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Customer Reviews

4.6 out of 5 stars
160
4.6 out of 5 stars
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on 18 May 2017
Have got to buy sequel to this film. the "kids" must havereally enjoyed some of the destruction scenes in bombed out property. No doubt health and safety would be a nightmare now..
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on 8 March 2017
It Of But I lived through the war and this did not show it how it was. Never-the-led it was not bad
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on 23 April 2017
good
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on 2 May 2017
Excellent
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on 28 March 2013
I bought this for my mum and dad who took me to see it when I was a teenager. It is one of the best films I recall seeing about the second world war and the impact it had on family life.
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on 27 April 2017
great
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TOP 500 REVIEWERon 7 February 2014
If on re-seeing this 27 years after it's initial release, it didn't quite hold up to all my grand memories, it came pretty close. Whatever it's forgivable flaws, this is a unique and wonderful film.

Showing life in WWII Britain through the eyes of a young boy, it's a very odd look at war, filled more with comedy, family warmth and a sense of adventure, than of tragedy (although tragedy always seems to threaten, from just around the corner). The acting is superlative throughout, and Boorman's camera really seems as though it sees with the senses of his child hero.

The first two thirds of the film, as the family lives through the blitz, with bomb raids a part of daily life and houses all around them being blown to pieces is as remarkable, human, funny, sad and surreal as I remember. Only in the last third, when the family leaves London for the safety of the countryside does the film lose some steam, trading the completely original and honest feeling of a child's experience of a war, for eccentric relatives in the English countryside - something that feels far more familiar, if still well done.

But, in spite of that slight letdown, this is certainly a special film worth seeking out and seeing. (And maybe getting a blu-ray release someday)
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on 17 November 2013
Bill Rohan, a young boy living on the outskirts of London experiences the exhilaration of World War II.

During this period, Bill learns about sex, death, love, hypocrisy, and the faults of adults as he prowls the ruins of bombed houses on Rosehill Avenue.

His father is off chasing patriotic dreams of glory from behind a military clerk's typewriter; his teenage sister runs wild; his mother can't cope; but hopefully everything in the end will eventually turn out all right.....

A semi autobiographical movie by Boorman, Hope and Glory is as British as British movies have been since the old Ealing comedies.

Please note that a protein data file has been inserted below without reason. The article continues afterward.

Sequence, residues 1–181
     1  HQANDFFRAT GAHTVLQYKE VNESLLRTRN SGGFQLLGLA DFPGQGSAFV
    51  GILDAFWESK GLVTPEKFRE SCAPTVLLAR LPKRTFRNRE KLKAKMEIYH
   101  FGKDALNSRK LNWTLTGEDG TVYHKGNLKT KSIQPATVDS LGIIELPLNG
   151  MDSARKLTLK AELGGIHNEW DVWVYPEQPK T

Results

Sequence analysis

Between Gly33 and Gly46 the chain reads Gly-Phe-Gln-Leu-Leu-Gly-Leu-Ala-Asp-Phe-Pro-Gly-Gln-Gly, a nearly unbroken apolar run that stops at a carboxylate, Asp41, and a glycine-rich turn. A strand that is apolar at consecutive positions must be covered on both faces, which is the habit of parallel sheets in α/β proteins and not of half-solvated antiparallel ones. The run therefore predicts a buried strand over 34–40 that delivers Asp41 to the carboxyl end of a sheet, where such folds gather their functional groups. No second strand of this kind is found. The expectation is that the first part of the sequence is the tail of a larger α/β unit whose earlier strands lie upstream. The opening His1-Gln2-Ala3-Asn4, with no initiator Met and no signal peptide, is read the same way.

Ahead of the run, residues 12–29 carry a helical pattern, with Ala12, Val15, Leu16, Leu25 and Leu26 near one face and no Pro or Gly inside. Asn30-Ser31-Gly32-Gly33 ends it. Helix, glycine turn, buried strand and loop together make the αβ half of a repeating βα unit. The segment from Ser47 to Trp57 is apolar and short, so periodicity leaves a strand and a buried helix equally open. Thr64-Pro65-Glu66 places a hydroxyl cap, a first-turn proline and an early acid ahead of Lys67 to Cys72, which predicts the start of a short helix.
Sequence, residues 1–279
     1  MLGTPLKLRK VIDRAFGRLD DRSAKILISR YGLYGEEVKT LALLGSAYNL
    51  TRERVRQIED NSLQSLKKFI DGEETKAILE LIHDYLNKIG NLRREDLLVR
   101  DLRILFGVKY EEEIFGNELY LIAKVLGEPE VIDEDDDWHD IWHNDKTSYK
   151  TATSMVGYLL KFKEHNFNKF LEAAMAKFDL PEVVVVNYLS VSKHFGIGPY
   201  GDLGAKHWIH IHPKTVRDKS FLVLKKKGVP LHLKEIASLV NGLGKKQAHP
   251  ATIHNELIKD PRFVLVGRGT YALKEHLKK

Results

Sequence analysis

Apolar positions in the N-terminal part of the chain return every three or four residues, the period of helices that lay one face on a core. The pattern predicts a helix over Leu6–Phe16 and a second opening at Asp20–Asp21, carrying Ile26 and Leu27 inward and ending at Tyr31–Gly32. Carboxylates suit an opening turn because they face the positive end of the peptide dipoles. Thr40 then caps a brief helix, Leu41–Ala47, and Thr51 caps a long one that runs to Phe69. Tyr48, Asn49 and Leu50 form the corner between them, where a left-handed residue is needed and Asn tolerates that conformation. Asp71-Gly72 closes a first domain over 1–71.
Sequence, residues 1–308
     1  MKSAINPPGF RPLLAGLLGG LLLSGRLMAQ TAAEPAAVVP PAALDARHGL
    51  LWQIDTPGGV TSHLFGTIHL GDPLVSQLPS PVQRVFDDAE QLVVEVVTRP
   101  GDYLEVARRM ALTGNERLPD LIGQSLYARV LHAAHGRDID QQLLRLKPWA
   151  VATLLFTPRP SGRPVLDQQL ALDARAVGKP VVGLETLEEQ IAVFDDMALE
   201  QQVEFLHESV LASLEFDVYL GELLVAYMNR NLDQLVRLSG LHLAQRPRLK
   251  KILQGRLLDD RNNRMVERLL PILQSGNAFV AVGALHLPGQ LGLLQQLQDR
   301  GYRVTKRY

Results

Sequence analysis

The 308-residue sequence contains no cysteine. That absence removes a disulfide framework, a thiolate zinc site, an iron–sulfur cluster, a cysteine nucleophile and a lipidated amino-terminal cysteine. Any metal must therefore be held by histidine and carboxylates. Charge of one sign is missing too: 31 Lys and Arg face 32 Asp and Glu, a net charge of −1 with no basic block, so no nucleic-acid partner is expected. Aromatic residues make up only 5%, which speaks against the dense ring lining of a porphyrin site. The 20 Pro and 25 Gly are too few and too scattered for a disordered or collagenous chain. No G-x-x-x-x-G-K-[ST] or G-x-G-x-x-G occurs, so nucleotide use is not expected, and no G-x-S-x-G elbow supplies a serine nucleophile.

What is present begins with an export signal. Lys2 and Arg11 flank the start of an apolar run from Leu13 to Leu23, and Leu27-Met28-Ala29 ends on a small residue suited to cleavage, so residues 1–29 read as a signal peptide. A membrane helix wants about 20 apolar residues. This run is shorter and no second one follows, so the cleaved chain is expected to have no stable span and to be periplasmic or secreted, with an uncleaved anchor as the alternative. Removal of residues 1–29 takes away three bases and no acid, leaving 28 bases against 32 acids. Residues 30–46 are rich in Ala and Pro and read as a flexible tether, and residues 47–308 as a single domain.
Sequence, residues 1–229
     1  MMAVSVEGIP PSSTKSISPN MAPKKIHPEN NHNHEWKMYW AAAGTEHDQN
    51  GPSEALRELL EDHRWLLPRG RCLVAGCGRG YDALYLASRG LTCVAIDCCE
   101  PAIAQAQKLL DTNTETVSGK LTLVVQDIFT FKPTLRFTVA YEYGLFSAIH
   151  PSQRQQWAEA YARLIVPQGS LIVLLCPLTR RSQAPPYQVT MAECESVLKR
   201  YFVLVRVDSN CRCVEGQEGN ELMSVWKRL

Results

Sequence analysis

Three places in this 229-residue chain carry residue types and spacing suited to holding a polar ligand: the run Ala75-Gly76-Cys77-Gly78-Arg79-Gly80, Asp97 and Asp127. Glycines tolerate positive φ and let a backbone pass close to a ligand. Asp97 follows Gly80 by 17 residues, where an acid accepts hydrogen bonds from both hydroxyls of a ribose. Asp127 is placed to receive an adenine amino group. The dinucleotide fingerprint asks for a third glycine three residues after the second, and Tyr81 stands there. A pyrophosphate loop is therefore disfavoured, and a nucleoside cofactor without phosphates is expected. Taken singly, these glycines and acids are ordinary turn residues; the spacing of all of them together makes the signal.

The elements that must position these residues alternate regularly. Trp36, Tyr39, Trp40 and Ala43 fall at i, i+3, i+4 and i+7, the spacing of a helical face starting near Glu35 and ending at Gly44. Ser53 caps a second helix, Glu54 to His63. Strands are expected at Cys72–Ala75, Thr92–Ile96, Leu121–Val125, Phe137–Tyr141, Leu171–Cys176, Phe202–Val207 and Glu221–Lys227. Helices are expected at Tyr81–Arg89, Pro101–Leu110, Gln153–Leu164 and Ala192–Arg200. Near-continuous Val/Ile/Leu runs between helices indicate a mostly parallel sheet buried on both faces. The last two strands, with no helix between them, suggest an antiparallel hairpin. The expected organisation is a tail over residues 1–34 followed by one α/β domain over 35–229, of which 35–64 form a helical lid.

And what's not to like about it? From the movie, you realise that growing up as a young child in WW2, must have had so much impact on your life, from family leaving, to lack of education, its all here, and even though Boorman slightly sugarcoats it and gives it an almost fairy tale like feel, its gripping stuff.

Along with the fantastic cast, including a scene stealing Ian Bannen, the sets are spectacular and really have an authentic feel to the proceedings.

The final third takes you away from the war, and the pain, and lets you spend the rest of the movie enjoying the English summer, a real treat, and a lovely way to end a film.

For the lengthy running time, it moves along quickly, and although its a tough subject for many, the essence of the film is love, and how huge events bring the nuclear family close together.
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on 1 February 2009
This is a film that reminded me of my wartime childhood - in the London suburbs. I remember looking for trophies in the mornings after the raids, with very little success. Except for the time two of us found the remains of a V1 that had exploded in fields near us and we carted away a section of the wing in a wheelbarrow !
The film conveys faithfully the contrast in the lives of the adults and children of the time. Our parents were fearful of what the future might bring, we saw life as a great adventure with the frisson of danger to add spice. Predictably our summers were sunny and the winters gave us lots of snow. The film suggests this beautifully and it took me back to my childhood.
My one criticism is that bomb damage was cleared away as soon as possible after the event. Steets may have had blank gaps but no heaps of rubble.
This is an excellent film, made with humour and sensitivity.
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on 31 July 2012
John Boorman's finest hour perhaps? This is a vivid portrayal of life in the blitz in London, how it impinges on one family, and in particular on a small boy who views much of what is happening around him as a great adventure. I think much of the material is based on John Boorman's own childhood. The shots of bomb-damaged suburban houses were all filmed on a huge outdoor set, and the period detail is perfect. Sarah Miles reins in her tendency to histrionics to give a subtle portrayal of a mother trying to hold her family together under great difficulties. Look out too for a cameo from Boorman's son Charlie (also seen in Emerald Forest) as a downed German airman. There are plenty of thrills but the film is also full of humour and some laugh-out-loud moments, for example the local kids cheering when they find out their school has had a direct hit. The film is presented in 16:9 ratio and is a very clean print. Recommended unreservedly.
Chris Gwilliam
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